11. 11. Bibliography – with response cont’d <ul><li>This tells us what aspects he chose to recall upon to achieve his works. </li></ul><ul><li>‘ Tu Es Le Tils De Quelqu’an (You are someone's son)’ (1989) </li></ul><ul><li>This writing by Grotowski explores the ideas of </li></ul><ul><li>Slowiak, J., Cuesta, J., 2007. Jerzy Grotowski. London and New York by Routledge. </li></ul><ul><li>Harmonic improvisation: When the actor constantly readapts to a structure. </li></ul><ul><li>and </li></ul><ul><li>Enthodramas: These are always passing through phases of crisis then organicity. </li></ul><ul><li>It is the spontaneity of life followed by technical absorption. </li></ul><ul><li>‘ Performer’ (1988) </li></ul><ul><li>Slowiak, J., Cuesta, J., 2007. Jerzy Grotowski. London and New York by Routledge. </li></ul><ul><li>This text begins with two important definitions: </li></ul><ul><li>Performer : man of action </li></ul><ul><li>Ritual : is performance, plays, shows. </li></ul><ul><li>When life becomes rhythm </li></ul>
  12. 12. Themes, Practices and Key Ideas <ul><li>Holocaust – Akropolis </li></ul><ul><li>Actors as central part of theatre </li></ul><ul><li>Theatre as different and separate to film & TV – not trying to imitate or achieve same effects </li></ul><ul><li>“ Encounter” between audience and actors </li></ul><ul><li>Poor Theatre – Theatre can exist without make up, lighting, effects, costumes, props, or scenery. The core is actors & audience; direct communion. </li></ul><ul><li>Minimal use of props vital in Grotowski's theatre. </li></ul><ul><li>Contrast is Rich Theatre ; this attempts to imitate film techniques and effects. </li></ul><ul><li>Researched how ritual songs affect participant </li></ul><ul><li>Method (based on Stanislavsky's) teaching actors to eliminate obstacles rather than adding “unnecessary” props, etc, to compensate. </li></ul><ul><li>Transcend gap between audience and actors - “Para theatrical” </li></ul><ul><li>Portraying “real” emotion as opposed to pretending. </li></ul>
  13. 13. Influences <ul><li>There are many different influences in Grotowski life that led him to his great works. Living with his uncle the bishop made him a very catholic person and gave him the ideas of the theatre being a sacred place like a church to a bishop it was a director or a performer’s sacred place. </li></ul><ul><li>He also as greatly influenced by the early 20th century and all the politics and war that went on in his young life, which affected most people especially in Poland and had a big impact on his life. Living in simplicity, hence the idea of the poor theatre and the idea of getting rid of all props and costumes and sticking to the basics. </li></ul><ul><li>Practitioners who ha influence on his works were Stanislavski for the ideas of realism and expressing real emotions from the actors to the audience, i.e. they would believe it to be real. </li></ul><ul><li>Grotowski was also influenced by the ideas of tearing down the iron curtain and interacting to the audience which is what Stanislavski hated. </li></ul>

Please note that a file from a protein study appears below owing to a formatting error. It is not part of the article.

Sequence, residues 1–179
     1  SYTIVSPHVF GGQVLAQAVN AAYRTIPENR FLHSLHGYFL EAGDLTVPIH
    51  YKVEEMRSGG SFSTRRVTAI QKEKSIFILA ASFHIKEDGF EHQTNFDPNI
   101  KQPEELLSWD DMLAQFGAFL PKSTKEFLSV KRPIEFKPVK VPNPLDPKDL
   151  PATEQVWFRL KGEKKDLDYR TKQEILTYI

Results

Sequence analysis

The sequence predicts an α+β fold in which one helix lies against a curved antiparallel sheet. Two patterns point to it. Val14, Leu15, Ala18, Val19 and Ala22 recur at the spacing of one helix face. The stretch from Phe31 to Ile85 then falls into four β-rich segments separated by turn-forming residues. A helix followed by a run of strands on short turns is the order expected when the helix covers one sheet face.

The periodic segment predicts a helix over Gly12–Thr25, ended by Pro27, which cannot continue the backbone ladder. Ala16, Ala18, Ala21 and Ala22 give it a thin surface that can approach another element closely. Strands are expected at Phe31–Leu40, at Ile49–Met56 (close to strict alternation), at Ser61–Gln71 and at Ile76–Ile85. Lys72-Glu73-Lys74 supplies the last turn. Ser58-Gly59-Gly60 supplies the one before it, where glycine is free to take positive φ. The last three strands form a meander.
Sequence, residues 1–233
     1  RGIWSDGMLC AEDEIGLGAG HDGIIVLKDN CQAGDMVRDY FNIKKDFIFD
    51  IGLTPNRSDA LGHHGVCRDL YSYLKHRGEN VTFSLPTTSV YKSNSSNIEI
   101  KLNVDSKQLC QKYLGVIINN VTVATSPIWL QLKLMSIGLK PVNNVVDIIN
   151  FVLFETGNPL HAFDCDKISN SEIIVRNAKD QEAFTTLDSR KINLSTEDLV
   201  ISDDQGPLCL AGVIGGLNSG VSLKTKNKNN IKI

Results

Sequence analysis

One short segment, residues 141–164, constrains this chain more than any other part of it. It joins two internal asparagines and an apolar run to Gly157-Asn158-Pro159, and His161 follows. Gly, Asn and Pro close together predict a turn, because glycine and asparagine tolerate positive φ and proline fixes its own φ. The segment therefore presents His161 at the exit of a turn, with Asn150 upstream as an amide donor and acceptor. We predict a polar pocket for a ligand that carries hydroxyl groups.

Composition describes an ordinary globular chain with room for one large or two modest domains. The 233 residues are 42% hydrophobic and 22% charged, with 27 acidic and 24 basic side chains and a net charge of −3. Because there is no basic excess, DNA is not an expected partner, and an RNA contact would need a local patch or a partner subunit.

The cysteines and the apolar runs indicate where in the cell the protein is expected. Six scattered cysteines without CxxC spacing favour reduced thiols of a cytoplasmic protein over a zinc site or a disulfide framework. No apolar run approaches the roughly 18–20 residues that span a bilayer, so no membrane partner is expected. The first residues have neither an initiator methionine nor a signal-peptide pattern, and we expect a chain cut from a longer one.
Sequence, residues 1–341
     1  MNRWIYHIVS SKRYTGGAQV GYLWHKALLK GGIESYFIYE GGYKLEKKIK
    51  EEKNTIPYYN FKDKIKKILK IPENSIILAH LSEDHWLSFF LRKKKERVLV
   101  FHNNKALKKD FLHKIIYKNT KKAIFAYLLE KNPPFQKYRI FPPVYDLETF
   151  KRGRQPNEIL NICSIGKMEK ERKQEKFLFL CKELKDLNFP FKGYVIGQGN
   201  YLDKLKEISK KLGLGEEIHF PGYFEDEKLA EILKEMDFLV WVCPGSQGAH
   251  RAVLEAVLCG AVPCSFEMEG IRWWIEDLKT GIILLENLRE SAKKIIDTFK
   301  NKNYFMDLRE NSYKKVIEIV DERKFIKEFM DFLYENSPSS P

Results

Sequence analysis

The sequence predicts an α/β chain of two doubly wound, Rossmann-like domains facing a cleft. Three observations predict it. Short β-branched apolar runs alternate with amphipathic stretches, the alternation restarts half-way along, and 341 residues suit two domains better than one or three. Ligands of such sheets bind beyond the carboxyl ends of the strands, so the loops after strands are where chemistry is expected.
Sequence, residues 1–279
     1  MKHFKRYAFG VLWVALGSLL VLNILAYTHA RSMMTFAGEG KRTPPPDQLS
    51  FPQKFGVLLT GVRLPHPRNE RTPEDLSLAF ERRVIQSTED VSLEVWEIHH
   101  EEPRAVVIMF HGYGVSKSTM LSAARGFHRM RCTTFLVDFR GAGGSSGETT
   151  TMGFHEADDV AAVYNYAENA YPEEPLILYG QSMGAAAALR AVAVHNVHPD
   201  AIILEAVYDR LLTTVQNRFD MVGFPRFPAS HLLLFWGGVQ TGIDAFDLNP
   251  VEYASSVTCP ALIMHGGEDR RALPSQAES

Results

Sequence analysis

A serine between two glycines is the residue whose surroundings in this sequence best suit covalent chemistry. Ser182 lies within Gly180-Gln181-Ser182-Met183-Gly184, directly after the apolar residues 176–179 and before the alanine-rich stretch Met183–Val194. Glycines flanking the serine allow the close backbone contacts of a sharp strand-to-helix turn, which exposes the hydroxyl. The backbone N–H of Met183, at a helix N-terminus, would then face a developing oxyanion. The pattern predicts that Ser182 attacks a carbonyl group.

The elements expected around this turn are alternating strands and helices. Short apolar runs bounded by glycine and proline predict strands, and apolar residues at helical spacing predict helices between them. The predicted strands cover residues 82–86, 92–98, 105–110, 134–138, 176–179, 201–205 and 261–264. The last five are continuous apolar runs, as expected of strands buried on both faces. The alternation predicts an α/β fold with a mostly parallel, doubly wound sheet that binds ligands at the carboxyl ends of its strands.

14. 14. The Impact of the Practitioner on Theatre Practice Generally <ul><li>Jerzy Grotowski contributed to changing the traditional concepts of theatre; he did so through his experimentations in challenging the conventional aspects of it. He popularized a more ritualistic and physical theatre that helped give rise to the contemporary field of performance studies and gained artistic freedom in a conformist Polish Society which gained him both controversy and recognition and helped redefine the purpose of theatre in contemporary culture. He had complete commitment to his principles and methods which have been studied, written about and emulated across the world and in many different cultures. Grotowski helped theatre become more than entertainment it became a pathway to understanding. </li></ul><ul><li>He moved along experiments in stage / audience layout and positioning, with the removal of the stage completely, incorporating the audience as a creative component in the production. He also overturned traditions of exotic costumes and sets that had driven European theatre from the 19th Century as he believed these cluttered the spectator’s pathway to understanding. </li></ul><ul><li>He made an impact on many others who have gone on to be influential practitioners in their own right, some of which joined Grotowski in Poland to participate in his studies such as Peter Brook, Eugenio Barba and Joseph Chaikin </li></ul>
  15. 15. The Impact of the Practitioner on Theatre Practice Generally <ul><li>He challenged what words such as ‘theatre’ and ‘acting’ actually meant and introduced the notion theatre could be reduced to no less than one actor and one audience member, this was a radical idea at that time and has since influenced many subsequent theatre artists. </li></ul><ul><li>Ironically a wide ranging indirect impact is not what Grotowski wanted. For him such an outward movement of effects was too haphazard, too risky, too fraught with misuse and misinterpretations and so designated his inferior [Richard Schechner 1999] </li></ul><ul><li>Grotowski’s importance seemed to increase after his death, the ambiguity of some of his studies only serves to feed curiosity and a research grant from the UK Arts and Humanities Research Council has been made to the sum of £,203,000 to conduct the British Grotowski Project a re-evaluation, from October 2006 – October 2009, this will be ran by Professor Paul Allain at the University of Kent in conjunction with overseas partners including the Work centre of Jerzy Grotowski and Thomas Richards in Pontedera, Italy (where Grotowski’s work continues) and also The Grotowski Institute of Wroclaw in Poland. </li></ul><ul><li>A large project such as this will be a powerful aid in continuing the impact of Jerzy Grotowski; they are running workshops and events in conjunction with this all over the world right now. </li></ul><ul><li>At the last count in 1995 Grotowski’s bibliography is said to stand at 20,000 pieces which was also thought to be a rather conservative estimate. </li></ul>